The Commission to Preserve National Monuments issued a Decision to add the site of the architectural ensemble of the Aladža mosque in Foča to the Provisional List of National Monuments of Bosnia and Herzegovina, under the name “site of the Aladža mosque with bural ground“, numbered as 211.

Pursuant to the provisions of the law, the Commission proceeded to carry out the procedure for reaching a final decision to designate the Property as a National Monument, pursuant to Article V of Annex 8 and Article 35 of the Rules of Procedure of the Commission to Preserve National Monuments.




In the procedure preceding the adoption of a final decision to proclaim the property a national monument, the following documentation was inspected:

  • Data on the current condition and use of the property, including a description and photographs, data of war damage, data on restoration or other works on the property, etc.
  • Copy of cadastral plan
  • Historical, architectural and other documentary material on the property, as set out in the bibliography forming part of this Decision.

          The findings based on the review of the above documentation and the condition of the site are as follows:


1. Details of the property


            The architectural ensemble of the Aladža mosque was erected on cadastral plot 1915, title no. 1426, cadastral municipality Foča, Municipality Foča, Republika Srpska, Bosnia and Herzegovina(1).

            The architectural ensemble of the Aladža mosque is on the right bank of the river Ćehotina, about 1.5 km from its confluence with the Drina, upstream from the Upper Bridge, close to the old Foča čaršija and the town centre, in a natural triangular area formed by the rivers Drina and Ćehotina.

            The architectural ensemble of the Aladža mosque is bounded to the south west by A.Fetahagića street and the river Ćehotina; to the north-west by a large park which formed part of the harem of the Aladža mosque until the early 1960s, and to the south-east by the Aladža mahala.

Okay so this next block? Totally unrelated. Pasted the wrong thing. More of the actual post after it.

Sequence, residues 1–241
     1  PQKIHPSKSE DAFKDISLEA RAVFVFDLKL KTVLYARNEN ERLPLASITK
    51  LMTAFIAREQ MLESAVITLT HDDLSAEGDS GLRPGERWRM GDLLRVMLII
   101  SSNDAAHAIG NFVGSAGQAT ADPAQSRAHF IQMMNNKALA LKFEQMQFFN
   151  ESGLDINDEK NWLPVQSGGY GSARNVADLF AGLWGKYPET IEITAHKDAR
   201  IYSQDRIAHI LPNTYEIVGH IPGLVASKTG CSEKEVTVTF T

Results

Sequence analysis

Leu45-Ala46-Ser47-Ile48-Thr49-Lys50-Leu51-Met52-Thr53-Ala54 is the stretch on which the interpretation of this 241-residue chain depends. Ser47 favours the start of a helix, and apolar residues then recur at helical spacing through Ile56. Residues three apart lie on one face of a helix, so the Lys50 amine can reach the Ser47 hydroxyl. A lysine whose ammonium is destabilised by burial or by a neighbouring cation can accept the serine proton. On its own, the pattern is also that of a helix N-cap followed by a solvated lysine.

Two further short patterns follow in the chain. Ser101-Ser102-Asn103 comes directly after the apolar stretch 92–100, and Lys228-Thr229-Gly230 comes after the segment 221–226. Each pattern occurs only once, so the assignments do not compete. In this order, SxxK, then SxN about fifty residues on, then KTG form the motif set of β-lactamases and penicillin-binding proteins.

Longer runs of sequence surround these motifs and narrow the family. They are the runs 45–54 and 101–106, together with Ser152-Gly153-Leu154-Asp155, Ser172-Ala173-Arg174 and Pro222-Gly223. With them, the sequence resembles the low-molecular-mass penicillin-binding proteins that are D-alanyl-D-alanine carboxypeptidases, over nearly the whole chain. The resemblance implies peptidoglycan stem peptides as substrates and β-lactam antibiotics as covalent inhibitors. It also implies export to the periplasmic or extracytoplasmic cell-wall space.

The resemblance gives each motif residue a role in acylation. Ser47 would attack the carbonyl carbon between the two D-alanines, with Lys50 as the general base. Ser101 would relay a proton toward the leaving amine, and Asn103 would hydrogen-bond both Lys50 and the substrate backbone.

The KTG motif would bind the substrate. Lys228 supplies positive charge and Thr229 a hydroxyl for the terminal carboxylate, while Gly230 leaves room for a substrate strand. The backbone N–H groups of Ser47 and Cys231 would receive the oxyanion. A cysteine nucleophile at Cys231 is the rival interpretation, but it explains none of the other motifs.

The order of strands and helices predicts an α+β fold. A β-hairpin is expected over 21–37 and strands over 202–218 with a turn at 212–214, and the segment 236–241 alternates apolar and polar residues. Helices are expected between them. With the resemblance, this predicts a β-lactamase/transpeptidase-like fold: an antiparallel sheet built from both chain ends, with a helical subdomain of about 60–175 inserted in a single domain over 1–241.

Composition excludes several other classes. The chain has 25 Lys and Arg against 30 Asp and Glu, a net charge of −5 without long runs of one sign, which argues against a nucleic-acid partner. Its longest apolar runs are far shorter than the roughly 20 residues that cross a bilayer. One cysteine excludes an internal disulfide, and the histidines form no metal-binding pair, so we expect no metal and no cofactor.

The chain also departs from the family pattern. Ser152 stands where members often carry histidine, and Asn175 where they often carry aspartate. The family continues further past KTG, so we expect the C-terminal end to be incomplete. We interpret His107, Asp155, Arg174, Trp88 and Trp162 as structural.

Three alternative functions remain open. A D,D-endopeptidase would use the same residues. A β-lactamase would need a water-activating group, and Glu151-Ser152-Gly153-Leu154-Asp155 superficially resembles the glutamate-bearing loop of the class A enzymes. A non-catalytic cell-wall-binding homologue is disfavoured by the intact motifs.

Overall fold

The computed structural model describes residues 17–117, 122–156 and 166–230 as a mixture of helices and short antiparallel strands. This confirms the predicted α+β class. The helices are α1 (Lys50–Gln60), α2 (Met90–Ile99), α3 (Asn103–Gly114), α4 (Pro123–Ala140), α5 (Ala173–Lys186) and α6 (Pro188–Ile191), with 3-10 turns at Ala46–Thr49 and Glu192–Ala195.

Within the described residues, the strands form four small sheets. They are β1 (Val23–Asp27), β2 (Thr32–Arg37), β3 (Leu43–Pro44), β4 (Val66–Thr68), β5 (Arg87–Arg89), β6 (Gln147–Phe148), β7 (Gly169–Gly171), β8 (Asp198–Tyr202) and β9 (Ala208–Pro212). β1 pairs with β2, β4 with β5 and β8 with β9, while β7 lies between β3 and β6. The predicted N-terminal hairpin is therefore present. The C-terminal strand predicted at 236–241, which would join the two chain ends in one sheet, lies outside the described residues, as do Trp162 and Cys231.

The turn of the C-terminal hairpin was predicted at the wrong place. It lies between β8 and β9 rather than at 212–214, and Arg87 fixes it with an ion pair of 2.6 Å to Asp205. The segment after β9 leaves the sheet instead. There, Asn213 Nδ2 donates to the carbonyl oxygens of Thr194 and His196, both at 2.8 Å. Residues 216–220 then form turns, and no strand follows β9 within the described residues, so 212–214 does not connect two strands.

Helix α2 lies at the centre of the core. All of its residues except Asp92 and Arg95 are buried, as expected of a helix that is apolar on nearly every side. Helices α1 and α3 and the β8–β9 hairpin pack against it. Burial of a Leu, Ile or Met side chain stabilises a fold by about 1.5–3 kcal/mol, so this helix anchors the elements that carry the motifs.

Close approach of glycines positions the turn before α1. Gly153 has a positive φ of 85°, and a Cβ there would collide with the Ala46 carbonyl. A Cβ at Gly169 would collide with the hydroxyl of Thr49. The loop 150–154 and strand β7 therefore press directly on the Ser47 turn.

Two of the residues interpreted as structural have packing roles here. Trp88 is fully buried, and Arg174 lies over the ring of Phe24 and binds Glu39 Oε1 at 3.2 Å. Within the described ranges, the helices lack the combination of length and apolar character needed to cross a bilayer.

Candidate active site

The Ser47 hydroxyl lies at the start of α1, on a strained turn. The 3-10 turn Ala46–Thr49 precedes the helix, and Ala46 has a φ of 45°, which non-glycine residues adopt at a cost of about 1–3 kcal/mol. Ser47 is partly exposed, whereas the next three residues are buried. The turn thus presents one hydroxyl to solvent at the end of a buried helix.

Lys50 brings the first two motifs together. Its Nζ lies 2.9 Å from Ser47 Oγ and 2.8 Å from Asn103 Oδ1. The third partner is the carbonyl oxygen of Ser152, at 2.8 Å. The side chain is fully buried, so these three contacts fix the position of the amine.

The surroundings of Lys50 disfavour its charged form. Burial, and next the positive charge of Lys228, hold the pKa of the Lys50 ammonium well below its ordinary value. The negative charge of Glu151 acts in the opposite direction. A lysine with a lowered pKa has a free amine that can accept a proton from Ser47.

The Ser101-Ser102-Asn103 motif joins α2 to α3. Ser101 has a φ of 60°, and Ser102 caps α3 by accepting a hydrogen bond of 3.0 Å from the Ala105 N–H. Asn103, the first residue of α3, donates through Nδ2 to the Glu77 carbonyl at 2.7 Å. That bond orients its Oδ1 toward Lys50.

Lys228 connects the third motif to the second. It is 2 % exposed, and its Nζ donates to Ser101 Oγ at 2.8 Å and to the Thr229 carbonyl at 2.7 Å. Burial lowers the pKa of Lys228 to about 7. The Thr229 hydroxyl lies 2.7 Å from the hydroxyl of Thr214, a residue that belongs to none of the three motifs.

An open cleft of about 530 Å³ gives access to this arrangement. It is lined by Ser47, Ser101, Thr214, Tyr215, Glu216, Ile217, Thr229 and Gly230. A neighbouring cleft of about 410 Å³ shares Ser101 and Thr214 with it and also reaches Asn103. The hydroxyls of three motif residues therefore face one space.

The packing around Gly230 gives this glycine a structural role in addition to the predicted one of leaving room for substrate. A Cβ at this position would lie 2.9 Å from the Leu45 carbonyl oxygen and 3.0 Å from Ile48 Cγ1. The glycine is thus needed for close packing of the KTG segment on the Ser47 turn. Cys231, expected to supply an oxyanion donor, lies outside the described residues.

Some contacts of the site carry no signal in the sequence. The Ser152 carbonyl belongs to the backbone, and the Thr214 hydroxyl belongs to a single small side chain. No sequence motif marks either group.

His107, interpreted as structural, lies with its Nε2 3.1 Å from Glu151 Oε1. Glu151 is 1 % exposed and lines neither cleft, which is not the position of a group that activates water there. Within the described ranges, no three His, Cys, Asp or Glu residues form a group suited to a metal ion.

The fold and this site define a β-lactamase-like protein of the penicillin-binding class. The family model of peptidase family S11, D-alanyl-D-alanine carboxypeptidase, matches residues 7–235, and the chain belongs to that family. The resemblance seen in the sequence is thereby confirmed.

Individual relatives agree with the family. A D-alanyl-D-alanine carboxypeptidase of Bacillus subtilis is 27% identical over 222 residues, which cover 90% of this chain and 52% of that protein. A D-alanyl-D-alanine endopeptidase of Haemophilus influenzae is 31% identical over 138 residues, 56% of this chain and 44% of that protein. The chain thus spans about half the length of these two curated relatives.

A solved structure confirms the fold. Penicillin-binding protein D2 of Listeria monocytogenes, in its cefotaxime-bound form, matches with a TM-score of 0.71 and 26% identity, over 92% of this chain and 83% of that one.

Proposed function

The complex included the mosque, turbe, šadrvan fountain, sarcophagi and nišan tombstones.  The Aladža mosque complex stood on a plot with an area of 1649 sq.m, was surrounded by a stone wall, and had two entrance gates and a drinking fountain facing A. Fetahagića street.

Historical information

The origins and development of the mediaeval settlement of Bosnia and Herzegovina named Hoča (Hotča) (2) was based primarily on its geographical position on two rivers, the Drina and the Ćehotina, on the road(3) linking Dubrovnik with the Morava-Vardar mountain-ringed valley and the central region of the Balkan peninsula.

The route taken by the Dubrovnik road remained recognizable in the street layout of Foča(4) in the Prijeka čaršija, which was tangential to the Pazarišta (Trgovišta(5)) site on which Hoča (Hotča) originated in the mediaeval period(6).

Mediaeval Hoča (Hotča) saw various stages of development, from an open caravan post (platea) and market-place to an urban settlement.  Given its natural location between the rivers Drina and Ćehotina, the town was not fortified, and immediately prior to its conquest by the Ottomans it was ruled by the last mediaeval Herzegovina ruler Stjepan Kosača(7), of the Kosača(8) family.  As the end of the road via Čemerno and Sutjeska, Foča was well located to become a major market and caravan station.  People from Foča began to trade, initially with people from Dubrovnik(9). Local traders were most active in Foča, where they were most numerous (82) (10),  while in terms of indebtedness(11) they were third only to the merchants of Prača and Drijevo. Referring business one to another, the merchants of Foča joined forces and entered into joint debts(12) to Dubrovnik merchants(13); established merchants would often act as guarantors for new ones.  They supplied animal products and wax to Dubrovnik, and imported cloth to eastern Bosnia(14).The large quantities of cloth that were imported testify to the advanced level of economic development of mediaeval Foča as well as to the requirements and purchasing power of its inhabitants.  The presence of merchants from Dubrovnik in Foča increased the importance of the town itself(15), which by the 15th century had become the largest trading centre in eastern Bosnia, with Dubrovnik goldsmiths also working in Foča(16). Some merchants had working capital in excess of 1,000 ducats(17). Merchants travelled frequently, staying in different places, doing business simultaneously in two places(18), formed joint trading links with merchants from other places(19), and in so doing enhanced trading exchanges between various places, taking them out of their traditional isolation.  In Foča, grain surpluses produced in the region were accumulated, wax, leather and other animal products were traded, and the tailor’s craft was referred to as “widespread among the local people(20).” The town flourished under Ottoman rule(21), particularly from the mid 15th to the end of the 16th century, when it was transformed(22) from a kasaba or small town to a šeher or sizeable town and major administrative centre in Herzegovina(23).